Presently, even though commercial energy sources like coal, oil, natural gas are being utilized to a large extent, renewable sources of energy are slowly gaining importance. Renewable energy plays a basic ingredient for sustainable development. Such sources can supply the energy we need for indefinite periods of time polluting far less than fossil fuels. The advantages of renewables are well known, as far as they enhance diversity in energy supply markets; secure long-term sustainable energy supplies; reduce local and global atmospheric emissions; create new employment opportunities offering possibilities for local manufacturing.

Energy Scenario In India

Energy-use Statistics

Currently, India is the sixth largest energy consumer in the world and the country's energy consumption is expected to increase in the near future. In the past, India has derived most of its energy from coal, but recently the country has been making efforts to extract energy from other sources. However, fossil fuels still remain the largest energy source. About 76% of India's electricity is produced in power plants using coal or petroleum products (Buran et al., 2003).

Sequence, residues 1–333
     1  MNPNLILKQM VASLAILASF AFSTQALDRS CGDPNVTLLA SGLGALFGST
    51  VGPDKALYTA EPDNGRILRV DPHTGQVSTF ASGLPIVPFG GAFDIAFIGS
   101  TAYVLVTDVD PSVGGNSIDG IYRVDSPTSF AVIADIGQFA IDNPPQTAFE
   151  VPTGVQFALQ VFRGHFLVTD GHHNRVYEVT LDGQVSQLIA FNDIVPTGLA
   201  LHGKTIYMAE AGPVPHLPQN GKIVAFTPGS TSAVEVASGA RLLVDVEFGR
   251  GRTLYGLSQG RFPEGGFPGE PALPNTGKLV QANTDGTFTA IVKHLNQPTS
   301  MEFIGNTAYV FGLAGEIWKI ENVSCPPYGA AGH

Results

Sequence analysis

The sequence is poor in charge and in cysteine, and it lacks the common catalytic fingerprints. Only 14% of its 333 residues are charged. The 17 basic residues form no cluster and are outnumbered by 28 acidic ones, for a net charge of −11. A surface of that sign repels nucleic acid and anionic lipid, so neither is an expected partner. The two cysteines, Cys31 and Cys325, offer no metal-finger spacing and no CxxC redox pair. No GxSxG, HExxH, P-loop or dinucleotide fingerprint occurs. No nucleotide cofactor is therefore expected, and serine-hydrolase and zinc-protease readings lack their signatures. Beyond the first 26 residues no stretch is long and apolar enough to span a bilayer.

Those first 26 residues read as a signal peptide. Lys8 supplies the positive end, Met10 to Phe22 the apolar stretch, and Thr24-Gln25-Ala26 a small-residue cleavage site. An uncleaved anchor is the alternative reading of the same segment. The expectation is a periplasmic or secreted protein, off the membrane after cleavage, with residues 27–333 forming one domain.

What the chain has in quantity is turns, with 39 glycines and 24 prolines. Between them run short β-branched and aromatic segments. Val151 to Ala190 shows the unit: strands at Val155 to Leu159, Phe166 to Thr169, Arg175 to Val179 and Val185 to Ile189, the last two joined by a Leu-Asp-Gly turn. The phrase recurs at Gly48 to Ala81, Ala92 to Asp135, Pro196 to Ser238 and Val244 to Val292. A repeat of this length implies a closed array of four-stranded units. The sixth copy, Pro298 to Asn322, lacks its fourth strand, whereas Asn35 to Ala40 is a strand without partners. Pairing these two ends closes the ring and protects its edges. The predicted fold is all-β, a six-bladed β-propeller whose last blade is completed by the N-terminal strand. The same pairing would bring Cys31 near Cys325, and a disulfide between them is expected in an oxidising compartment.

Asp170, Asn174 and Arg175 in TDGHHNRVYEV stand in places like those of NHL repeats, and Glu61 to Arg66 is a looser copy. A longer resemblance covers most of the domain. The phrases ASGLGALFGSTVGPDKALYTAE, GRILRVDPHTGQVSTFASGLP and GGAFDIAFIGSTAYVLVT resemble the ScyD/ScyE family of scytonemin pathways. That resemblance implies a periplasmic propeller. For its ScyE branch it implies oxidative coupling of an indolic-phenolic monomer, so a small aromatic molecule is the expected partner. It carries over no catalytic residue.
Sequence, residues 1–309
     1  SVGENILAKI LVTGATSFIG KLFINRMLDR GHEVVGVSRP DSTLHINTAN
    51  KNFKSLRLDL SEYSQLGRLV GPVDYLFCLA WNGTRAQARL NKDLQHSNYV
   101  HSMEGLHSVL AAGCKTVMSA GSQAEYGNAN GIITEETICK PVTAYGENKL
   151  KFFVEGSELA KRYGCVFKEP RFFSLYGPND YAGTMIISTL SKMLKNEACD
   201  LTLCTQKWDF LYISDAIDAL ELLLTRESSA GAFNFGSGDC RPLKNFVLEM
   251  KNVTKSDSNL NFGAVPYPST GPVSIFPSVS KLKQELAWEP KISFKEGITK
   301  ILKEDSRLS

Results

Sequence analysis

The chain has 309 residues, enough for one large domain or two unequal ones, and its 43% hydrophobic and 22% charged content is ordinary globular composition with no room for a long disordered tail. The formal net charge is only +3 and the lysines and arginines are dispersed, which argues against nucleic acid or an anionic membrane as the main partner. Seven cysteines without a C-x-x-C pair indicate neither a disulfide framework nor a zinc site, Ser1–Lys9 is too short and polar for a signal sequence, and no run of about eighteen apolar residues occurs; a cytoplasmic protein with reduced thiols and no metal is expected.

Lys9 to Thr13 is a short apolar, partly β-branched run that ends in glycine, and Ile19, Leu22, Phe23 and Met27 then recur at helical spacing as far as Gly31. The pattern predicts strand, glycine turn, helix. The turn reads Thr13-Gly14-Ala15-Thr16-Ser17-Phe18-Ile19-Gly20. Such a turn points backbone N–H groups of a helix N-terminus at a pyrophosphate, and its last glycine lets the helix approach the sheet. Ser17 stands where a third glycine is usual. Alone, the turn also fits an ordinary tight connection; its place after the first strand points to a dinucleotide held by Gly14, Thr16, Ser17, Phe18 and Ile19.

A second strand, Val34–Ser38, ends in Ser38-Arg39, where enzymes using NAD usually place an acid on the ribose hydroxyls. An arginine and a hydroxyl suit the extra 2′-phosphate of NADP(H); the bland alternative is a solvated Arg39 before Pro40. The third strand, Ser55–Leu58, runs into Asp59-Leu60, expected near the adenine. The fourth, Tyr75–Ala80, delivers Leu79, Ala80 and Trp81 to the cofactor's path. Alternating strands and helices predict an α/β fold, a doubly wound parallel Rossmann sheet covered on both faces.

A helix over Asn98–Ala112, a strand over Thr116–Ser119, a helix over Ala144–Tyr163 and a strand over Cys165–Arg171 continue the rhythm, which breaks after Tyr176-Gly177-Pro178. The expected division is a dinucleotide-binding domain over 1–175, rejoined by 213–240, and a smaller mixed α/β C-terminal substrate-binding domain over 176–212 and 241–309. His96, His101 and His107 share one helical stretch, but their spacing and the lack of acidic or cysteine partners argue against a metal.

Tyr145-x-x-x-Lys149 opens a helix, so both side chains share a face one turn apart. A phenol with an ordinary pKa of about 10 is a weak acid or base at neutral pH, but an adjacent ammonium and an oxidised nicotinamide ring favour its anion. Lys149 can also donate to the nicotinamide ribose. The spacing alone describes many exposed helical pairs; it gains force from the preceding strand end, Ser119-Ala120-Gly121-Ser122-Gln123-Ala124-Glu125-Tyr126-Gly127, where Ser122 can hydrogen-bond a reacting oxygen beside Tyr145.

Of the remainder, 22% is hydroelectric and 2% is nuclear. According to data from India's Ministry of Statistics and Programme Implementation, the nation's total energy consumption has increased approximately fourfold over the last three decades. In 1999, India had an electricity consumption total of approximately 4.24 x 1011 KWh (Anon, 2001).

India is the world's third largest coal producer, ranking behind only the United States and China. Current domestic production of coal meets approximately 95% of domestic demand. Coal consumption is expected to increase by 28% by 2010 and is expected to remain the primary source of fuel despite increased reliance on natural gas (Lynch, 2001). Oil provides roughly 30% of India's energy, but domestic production of oil provides for only a third of India's oil demand. By 2010, roughly 75% of India's oil and gas need will be met by imports (Lynch, 2001). The government predicts that, with present consumption and production trends, India will deplete its oil reserves by 2012. The Indian government is now encouraging exploration for oil to reduce its dependence on imports. However, many researchers believe that India's easy-access reserves have already been tapped.

There are numerous projections for India's energy consumption in the coming years and all agree that the increase will not simply be linear. One estimate projects an 8-10% annual increase in energy demand over the next 15 years if the economy continues to grow at the expected rate of 7-8% per year (Buran et. al., 2003).

Pollution Statistics

India emits the fifth most carbon of any country in the world: at 253 million metric tons, only the United States, China, Russia and Japan surpassed its 1998 level of carbon emissions. The carbon emissions have grown ninefold over the past 40 years and are forecasted to grow 3.2% per year until 2020, and are faster than both China and the United States.